One peculiar benefit of the AT&T/SBC merger might be a firm with better incentives to work out the seemingly intractable problems of intercarrier compensation reform.
Ronald Coase famously in The Nature of the Firm noted that markets and firms were different ways to organize economic activity, and that the decision whether to organize hierarchically in a firm or use the price system in markets depends on transaction costs. Another determinant that influences integration into a firm is when the price system breaks down. With intercarrier compensation, we have a variation on that theme, where the price system has been distorted and communicates "false" signals to the market. By integrating two firms on opposite sides of that broken price system (SBC and AT&T), you create the internal incentives for the merged entity to work out intercarrier compensation transitions.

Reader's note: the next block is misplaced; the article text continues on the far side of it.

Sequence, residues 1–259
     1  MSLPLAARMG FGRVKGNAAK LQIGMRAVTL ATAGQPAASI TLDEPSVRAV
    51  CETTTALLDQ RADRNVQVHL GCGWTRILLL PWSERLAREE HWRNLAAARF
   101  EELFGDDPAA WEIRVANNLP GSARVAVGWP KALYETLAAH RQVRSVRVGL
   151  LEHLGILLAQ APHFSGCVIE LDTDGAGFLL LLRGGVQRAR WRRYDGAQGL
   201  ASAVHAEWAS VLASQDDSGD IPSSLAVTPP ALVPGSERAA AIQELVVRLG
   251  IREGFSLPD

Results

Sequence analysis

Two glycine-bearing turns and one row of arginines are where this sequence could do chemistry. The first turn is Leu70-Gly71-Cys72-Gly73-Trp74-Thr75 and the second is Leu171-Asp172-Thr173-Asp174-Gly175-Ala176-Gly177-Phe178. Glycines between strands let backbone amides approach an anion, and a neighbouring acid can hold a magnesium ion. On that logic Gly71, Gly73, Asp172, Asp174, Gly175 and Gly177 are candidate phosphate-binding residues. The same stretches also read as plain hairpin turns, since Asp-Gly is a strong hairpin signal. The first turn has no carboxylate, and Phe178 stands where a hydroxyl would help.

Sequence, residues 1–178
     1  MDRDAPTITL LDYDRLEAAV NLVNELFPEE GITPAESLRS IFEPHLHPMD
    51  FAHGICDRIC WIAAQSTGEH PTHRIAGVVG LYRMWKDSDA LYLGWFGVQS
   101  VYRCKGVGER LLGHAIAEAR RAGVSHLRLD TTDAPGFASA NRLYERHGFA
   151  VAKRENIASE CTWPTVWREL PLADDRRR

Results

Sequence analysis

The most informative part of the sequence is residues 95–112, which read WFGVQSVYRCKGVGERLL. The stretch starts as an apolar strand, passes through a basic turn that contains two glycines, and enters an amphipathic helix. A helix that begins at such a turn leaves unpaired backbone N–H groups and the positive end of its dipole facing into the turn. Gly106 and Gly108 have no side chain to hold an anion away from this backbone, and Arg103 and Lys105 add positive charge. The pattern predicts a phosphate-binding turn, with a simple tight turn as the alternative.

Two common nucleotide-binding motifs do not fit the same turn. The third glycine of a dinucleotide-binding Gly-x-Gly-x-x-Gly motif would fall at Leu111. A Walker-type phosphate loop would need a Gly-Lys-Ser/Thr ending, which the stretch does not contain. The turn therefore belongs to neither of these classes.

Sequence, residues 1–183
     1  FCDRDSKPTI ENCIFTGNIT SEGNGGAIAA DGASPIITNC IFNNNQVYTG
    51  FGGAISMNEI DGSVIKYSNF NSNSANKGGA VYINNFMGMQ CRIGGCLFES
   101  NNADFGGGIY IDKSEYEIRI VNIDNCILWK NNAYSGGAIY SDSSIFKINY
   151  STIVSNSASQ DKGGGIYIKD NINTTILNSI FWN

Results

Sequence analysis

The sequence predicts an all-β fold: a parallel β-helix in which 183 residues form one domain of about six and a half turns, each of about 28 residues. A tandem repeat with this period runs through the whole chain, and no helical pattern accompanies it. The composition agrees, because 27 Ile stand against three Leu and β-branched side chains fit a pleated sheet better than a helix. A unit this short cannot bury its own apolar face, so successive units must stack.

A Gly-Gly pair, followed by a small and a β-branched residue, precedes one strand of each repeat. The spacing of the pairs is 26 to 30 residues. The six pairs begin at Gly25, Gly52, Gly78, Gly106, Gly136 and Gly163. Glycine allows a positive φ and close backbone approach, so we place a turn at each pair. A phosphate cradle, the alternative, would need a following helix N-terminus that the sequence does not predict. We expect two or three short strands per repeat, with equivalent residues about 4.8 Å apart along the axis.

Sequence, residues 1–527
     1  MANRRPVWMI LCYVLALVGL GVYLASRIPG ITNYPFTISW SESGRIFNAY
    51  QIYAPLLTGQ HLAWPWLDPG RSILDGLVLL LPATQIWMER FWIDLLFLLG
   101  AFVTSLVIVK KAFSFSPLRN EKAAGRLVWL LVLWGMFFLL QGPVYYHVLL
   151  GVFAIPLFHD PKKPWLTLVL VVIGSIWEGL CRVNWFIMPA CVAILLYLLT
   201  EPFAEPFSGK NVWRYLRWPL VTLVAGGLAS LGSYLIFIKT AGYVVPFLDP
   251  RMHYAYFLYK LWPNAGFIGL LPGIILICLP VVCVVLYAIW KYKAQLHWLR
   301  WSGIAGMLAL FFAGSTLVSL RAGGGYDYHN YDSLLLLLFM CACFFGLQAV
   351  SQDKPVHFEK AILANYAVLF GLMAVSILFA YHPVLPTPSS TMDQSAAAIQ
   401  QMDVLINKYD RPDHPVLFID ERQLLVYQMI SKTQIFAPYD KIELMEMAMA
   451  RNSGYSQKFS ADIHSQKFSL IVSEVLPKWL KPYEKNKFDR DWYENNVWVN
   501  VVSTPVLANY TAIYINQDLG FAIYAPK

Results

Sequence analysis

Of course, you are not in a perfect world of Coase-ian integration because regulators and third-parties (particularly rural carriers) are reliant on the current system and will be affected by any reforms the merged entity might arrive at. Nonetheless, with the merger, you do create a firm with better incentives to work these issues out.